Not exactly what I would call C-like in that it does a whole lot more. It is C-like in the way many popular languages are, that the syntax resembles C but that superficial similarity isn't really worth noting. It may be good marketing to get people to look at a new language though.
> Language is type-safe and memory-safe.
> nullc library can execute code on a VM or translate it to x86 code for fast execution. It can also translate nullc files into C source files.
But sadly, although the project has been around for 11 years, development seems to have stalled since last year, at least going by GitHub activity.
Out here in the wild west of programming languages though, questions like "can I use this for anything real" aren't really material. Of course you can't, and the irregularity of the developer is just one reason out of many. Nonetheless, people find themselves drawn to these languages because they can actually offer something those top 50-100 languages can't -- fresh takes on programming language design and philosophy. True, we may never build anything more than a toy in these smaller niche languages, but still we can bring the insights gained back to our development practices in those top 50 languages.
This is just a terrible metric of software quality that became standard without anyone discussing why.
Today, a new language has a small window of a few years, after which it either achieves escape velocity, or re-enters the atmosphere and burns up. A new language which hasn't received major updates for two years, is effectively dead. It's a social phenomenon, not a technical one.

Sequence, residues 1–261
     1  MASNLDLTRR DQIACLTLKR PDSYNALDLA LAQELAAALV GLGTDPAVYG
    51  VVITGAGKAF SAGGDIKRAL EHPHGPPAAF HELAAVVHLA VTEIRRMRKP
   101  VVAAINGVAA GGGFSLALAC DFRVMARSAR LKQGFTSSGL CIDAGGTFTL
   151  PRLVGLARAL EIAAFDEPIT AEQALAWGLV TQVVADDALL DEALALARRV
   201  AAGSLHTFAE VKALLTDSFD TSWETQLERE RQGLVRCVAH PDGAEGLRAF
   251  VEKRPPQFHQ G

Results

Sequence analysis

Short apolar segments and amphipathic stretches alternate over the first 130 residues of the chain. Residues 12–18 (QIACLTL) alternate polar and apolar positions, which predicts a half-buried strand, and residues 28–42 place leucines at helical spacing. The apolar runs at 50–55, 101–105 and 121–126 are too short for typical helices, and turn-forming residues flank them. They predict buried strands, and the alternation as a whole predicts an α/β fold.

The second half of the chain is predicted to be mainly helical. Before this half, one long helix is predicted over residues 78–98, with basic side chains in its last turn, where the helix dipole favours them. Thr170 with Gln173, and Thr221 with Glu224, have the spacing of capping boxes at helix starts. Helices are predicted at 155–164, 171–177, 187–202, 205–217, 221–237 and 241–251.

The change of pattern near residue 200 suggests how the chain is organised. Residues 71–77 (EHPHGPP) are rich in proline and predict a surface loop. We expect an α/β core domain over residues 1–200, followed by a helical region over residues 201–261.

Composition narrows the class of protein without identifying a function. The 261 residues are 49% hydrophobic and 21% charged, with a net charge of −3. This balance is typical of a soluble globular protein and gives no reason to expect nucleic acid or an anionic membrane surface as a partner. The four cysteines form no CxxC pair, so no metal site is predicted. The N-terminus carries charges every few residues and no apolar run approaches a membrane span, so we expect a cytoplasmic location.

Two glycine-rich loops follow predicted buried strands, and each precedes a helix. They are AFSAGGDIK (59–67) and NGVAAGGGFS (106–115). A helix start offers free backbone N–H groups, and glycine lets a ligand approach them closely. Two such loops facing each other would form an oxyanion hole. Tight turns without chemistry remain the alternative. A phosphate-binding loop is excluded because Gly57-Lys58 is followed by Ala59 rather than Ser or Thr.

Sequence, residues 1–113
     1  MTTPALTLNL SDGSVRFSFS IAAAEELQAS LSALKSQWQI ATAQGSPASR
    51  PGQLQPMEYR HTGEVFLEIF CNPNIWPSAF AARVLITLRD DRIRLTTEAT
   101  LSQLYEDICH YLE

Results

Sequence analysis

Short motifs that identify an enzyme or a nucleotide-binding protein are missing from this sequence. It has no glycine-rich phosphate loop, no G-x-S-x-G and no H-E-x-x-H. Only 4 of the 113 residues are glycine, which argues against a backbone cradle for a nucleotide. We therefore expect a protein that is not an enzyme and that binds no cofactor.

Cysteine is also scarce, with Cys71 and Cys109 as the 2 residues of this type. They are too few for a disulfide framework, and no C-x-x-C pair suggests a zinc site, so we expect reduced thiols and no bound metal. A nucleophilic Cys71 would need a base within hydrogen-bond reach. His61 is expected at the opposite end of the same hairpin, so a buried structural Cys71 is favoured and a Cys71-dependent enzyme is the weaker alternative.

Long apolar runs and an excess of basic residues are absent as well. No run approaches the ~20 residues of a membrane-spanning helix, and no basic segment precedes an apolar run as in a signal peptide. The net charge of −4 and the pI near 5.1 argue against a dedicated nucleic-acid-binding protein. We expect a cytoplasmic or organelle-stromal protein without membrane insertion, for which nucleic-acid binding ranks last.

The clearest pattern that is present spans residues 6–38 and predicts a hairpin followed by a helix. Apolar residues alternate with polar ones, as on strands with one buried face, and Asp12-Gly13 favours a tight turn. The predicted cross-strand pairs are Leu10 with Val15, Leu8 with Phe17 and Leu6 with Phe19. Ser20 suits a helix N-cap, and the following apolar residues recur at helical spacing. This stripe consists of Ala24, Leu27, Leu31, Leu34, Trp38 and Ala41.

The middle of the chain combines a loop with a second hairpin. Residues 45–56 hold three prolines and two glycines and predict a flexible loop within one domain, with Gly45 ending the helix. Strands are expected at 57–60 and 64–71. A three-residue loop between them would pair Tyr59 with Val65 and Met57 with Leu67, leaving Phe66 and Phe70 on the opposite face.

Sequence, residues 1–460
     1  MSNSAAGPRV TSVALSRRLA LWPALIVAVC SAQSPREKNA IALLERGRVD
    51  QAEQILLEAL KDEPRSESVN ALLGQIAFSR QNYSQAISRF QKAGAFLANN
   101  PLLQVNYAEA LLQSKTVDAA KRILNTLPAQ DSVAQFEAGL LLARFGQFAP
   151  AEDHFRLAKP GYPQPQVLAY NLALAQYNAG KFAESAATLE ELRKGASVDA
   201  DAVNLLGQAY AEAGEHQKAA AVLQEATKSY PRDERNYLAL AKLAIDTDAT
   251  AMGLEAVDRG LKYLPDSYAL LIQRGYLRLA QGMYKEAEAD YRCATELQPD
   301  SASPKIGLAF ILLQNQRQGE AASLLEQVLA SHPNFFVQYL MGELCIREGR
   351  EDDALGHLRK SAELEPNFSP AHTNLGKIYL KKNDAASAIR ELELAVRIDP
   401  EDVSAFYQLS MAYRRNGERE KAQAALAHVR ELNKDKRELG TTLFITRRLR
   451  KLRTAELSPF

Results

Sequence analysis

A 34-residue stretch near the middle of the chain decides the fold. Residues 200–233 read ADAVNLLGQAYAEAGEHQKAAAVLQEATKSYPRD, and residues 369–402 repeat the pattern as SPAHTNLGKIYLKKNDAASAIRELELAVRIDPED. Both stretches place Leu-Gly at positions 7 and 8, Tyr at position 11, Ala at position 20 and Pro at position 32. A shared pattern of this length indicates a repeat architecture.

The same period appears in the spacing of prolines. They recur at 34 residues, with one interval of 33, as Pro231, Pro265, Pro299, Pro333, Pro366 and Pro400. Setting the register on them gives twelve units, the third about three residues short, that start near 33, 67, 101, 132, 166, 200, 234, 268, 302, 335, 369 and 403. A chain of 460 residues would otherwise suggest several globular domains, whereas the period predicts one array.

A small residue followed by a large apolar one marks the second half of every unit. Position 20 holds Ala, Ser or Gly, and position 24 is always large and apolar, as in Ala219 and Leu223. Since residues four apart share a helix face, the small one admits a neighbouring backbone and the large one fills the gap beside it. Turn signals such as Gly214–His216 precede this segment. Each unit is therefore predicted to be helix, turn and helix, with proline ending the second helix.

Why does it need to be discussed? Not actively maintained says it is either "done" or abandoned.
It is also a (weak) proxy for popularity, meaning if I do run into an issue an active repo means I am more likely to get help.
A quick glance at the git repo shows that it has builds set up on travis that are failing, and an unanswered question in the issue tracker. Neither of these inspire confidence that it will "work great"
I think Go took the right approach with calling those bugs to be avoided rather than features to be implemented.
Don't be clever. Be understandable to most readers.
If you make a function called add which actually subtracts, why is that any different to an operator overload?
Quickly onboarding novices is only helpful for throwaway work or teams with retention problems. Their work inherently needs more scrutiny until they become experts.
I say that as a member of a team whose median tenure (three years ten months) is short enough to concern me a little.
Based on my experience those projects are 99% of all projects in commercial organizations. So, emphatically no.
I accidentally replied to yours. I had intended to reply to preseinger.
The former is in general preferable to the latter, though, because it makes it a little more clear that arbitrary computation is occurring.
The whole attitude (and the Go programming language) is maybe downstream from the fact that perf/promo criteria punish people who maintain the software they write.
I'm not gatekeeping apples by saying a grape is not an apple, I'm debating how to classify these things.
Jokes aside, I might have a look at it over weekend, it would be nice to see some PR materials on their git repo. Why should one use it over C/Rust etc.